O.K. may be the most frequently used word in the world. In Obama parlance, it means “Yes You Can.”
O.K. is an even better word than ‘Yes’ because ‘Yes’ can sometimes mean something negative, such as, “Is this the worst meal you ever had in your whole life?” Of course O.K. doesn’t always mean something is great. Sometimes it means that something is just O.K. Sometimes when you put two letters together they spell “No.” Little words, and little things can mean a lot.
The entire computer language is made up of only ones and zeros but we think we can’t live without them.
Come to think of it, life itself consists of just two threads. The DNA double helix is made up of two long strands composed of only four chemicals. These chemicals — adenine, cytosine, guanine, and thymine — are found in every living thing from bacteria and plants and trees and elephants to birds and humans.
The chemicals are designated by the letters A, C, G, and T and are arranged in combinations, ranging from a few to hundreds of thousands. The sequence in which they are linked forms the basis of the DNA code and provides the mechanism for storing genetic information.
In the process of genetic engineering, what is transferred from one living organism to another are not what it might seem — bits and pieces of animals or fish or flowers that turn up in fruits and vegetables, as some people imagine, but chemical sequences, such as ATGCCGCGGCTCCTCC and on and on. (There are up to 100,000 letters in each cell in an ear of corn — and close to 3.2 billion such letters in the human genome.)
Genetic engineering involves the transfer of just one or two genes from one single cell. There are some who say genetic engineering is O.K. Others say, “No it’s not.” (O.K.) Either way, we can’t live without DNA.
Those, who object to having their genes “mixed up,” may have to reconsider eating all the millions of mixed up genes in “two all beef patties, special sauce, lettuce, cheese, pickles, onions, on a sesame-seed bun!” Or Le Bernadin’s White Tuna and Seared Japanese Kobe Beef “Korean BBQ Style”; Fresh Kimchi; Lemon Brown Butter Emulsion.
Or Sorbet of Cheese-stuffed Strawberries with Campari & Orange Confit created by Ferran Adria, the “Salvador Dali of the Kitchen” according to Gourmet magazine.
Some people love mixed up ingredients. Some people prefer to stick to just two foods, like bacon and eggs. Some people are weird.
Some people can hear the music, in all kinds of things — others hear only a cacophony of dissonance.
There are only four strings on a violin. With a bow and four strings, a musician can play jazz, hip-hop, rock and every song and every piece of music ever composed from a Mozart concerto to a gypsy melody. The notes are played in a sequence, like genes, though the sequences change at the will of the player. Similarly a chef understands there are basically only four ways to prepare a meal.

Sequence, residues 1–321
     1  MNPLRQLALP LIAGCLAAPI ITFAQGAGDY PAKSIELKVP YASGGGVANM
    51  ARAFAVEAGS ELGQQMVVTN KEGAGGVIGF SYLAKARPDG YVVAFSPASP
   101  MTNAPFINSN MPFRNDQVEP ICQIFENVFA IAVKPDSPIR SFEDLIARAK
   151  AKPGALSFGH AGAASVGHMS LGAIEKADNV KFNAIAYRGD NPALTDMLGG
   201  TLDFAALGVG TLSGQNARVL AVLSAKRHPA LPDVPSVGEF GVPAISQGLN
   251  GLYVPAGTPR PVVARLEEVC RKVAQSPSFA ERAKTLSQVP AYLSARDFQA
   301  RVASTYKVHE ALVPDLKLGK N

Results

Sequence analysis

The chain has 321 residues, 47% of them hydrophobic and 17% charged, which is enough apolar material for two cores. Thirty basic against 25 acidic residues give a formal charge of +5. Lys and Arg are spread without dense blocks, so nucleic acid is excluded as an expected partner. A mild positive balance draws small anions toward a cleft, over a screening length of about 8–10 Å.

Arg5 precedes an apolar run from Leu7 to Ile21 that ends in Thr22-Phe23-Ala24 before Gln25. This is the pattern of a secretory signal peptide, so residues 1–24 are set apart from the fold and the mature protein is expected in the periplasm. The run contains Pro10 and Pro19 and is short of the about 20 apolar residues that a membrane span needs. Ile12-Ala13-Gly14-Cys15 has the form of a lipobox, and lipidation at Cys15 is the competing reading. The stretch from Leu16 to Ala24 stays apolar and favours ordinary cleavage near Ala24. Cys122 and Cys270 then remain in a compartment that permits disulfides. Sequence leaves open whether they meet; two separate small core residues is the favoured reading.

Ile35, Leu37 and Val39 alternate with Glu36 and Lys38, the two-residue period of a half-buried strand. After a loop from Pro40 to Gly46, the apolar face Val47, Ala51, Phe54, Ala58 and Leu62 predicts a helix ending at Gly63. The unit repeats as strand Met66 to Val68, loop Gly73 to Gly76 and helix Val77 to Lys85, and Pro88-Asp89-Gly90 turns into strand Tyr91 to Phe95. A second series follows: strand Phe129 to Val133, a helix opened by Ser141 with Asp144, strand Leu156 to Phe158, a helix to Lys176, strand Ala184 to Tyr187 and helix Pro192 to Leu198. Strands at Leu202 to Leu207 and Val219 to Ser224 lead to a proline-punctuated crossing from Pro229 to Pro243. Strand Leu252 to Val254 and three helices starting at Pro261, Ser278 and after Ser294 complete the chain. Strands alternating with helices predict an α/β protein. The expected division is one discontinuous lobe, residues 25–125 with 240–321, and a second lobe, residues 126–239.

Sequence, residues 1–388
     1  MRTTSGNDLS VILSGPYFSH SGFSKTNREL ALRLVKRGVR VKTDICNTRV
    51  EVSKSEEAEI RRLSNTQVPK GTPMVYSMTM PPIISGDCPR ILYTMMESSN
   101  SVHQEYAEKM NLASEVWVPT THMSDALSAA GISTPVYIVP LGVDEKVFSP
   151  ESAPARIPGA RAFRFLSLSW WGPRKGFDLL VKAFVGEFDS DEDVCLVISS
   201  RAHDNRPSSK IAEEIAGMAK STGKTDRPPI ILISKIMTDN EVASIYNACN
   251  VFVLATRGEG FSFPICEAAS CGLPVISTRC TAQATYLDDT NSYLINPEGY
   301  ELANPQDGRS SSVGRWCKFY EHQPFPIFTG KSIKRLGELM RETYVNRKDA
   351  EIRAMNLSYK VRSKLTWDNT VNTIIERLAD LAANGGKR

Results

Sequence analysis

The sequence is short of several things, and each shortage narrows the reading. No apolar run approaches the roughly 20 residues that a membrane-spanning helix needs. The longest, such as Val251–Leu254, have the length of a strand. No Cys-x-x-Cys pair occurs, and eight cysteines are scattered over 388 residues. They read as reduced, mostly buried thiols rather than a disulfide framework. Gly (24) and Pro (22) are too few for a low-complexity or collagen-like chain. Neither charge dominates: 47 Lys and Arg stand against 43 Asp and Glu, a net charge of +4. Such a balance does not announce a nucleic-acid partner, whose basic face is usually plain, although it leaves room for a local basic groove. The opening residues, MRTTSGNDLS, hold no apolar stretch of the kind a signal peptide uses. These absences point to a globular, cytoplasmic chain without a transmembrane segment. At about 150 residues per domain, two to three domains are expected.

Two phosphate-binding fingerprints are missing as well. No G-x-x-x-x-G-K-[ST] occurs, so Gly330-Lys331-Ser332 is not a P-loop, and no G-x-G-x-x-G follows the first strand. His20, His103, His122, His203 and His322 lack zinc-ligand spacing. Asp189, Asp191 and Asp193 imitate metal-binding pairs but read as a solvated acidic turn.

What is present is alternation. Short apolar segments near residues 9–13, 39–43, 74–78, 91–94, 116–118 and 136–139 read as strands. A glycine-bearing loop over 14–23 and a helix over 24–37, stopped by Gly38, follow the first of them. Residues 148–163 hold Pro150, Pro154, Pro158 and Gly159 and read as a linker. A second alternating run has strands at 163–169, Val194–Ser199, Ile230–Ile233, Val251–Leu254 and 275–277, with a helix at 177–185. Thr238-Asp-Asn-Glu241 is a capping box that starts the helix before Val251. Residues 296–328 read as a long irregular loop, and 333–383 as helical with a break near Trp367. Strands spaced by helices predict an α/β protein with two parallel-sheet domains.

All our foods are either served raw or they are boiled, roasted or fried. Poaching, braising, baking and deep fat frying are simply variations of these processes. The same techniques of broiling and frying apply equally to all tender meats and poultry, while all stews follow a similar pattern.
It is only the substitution of one ingredient for another that makes a French Boeuf Bourguignon appear to be an entirely different dish from a Coq au Vin. In fact, the preparation of these two dishes is almost the same. They are related not only to each other but also to all other stews. The principles of making stews apply to the preparation of many soups, many sauces, and an infinite variety of other dishes. In other words, a soup is a sauce is a stew.
A sauce becomes a spectacular soufflé with the addition of a few egg yolks and a huge gulp of egg whites. The whole thing is then inflated still further by the heat of the oven and the astonished (you can count on it!) admiration of the assembled company.
By this time, you will no doubt be wondering where I’m headed with all this meandering about violin strings and DNA and sauces and stews. I’m just reminding you that some things which seem to be one thing are actually quite another while many things that seem different, are, in fact, almost the same thing.
So, here at last is the point. The point is “Hi!”
If you pick up the phone and the voice to which you are connected says, “Hi,” you may immediately recognize these two little letters that identify one person out of all the hundreds you’ve met in your lifetime. You know whether this ‘Hi’ is coming from a child, a man or woman, young or old, a native-born American or a visitor from another country.
You know if this person has a cold in the nose, or has just been fired — or won the lottery. A grimly, growly ‘Hi’ strikes the fear this might be someone from the IRS. A bright and bubbly ‘Hi’ could be a prelude to the announcement of an engagement, a pregnancy, an acceptance to the college of first choice or a preface to telling the listener that he’s just received the Nobel Prize for Literature or a nomination for a James Beard Foundation Award.
All these ‘Hi’s’ are recognizable. They portend joy and happiness or misery and desolation. I’ve noticed some people don’t bother to say ‘Hi’ even when you are standing right next to them. Some folk keep on doing what they were doing as though whatever it is they’re doing is way more important than you.
Receptionists in medical offices are good at this sort of rudeness. So are some ‘restaurant hosts’ who greet guests glacially. Perhaps they have a genetic defect. They can’t bring themselves to say just say ‘Hi’ or extend a warm welcome that will add to the pleasure of the evening.
My advice is to say ‘Hi’ to everyone, even the grumpy guy in the kitchen. (There’s always a grumpy guy in the kitchen.) Say “Hi!” It’ll make him feel O.K. (unless he throws a sharp knife in your direction).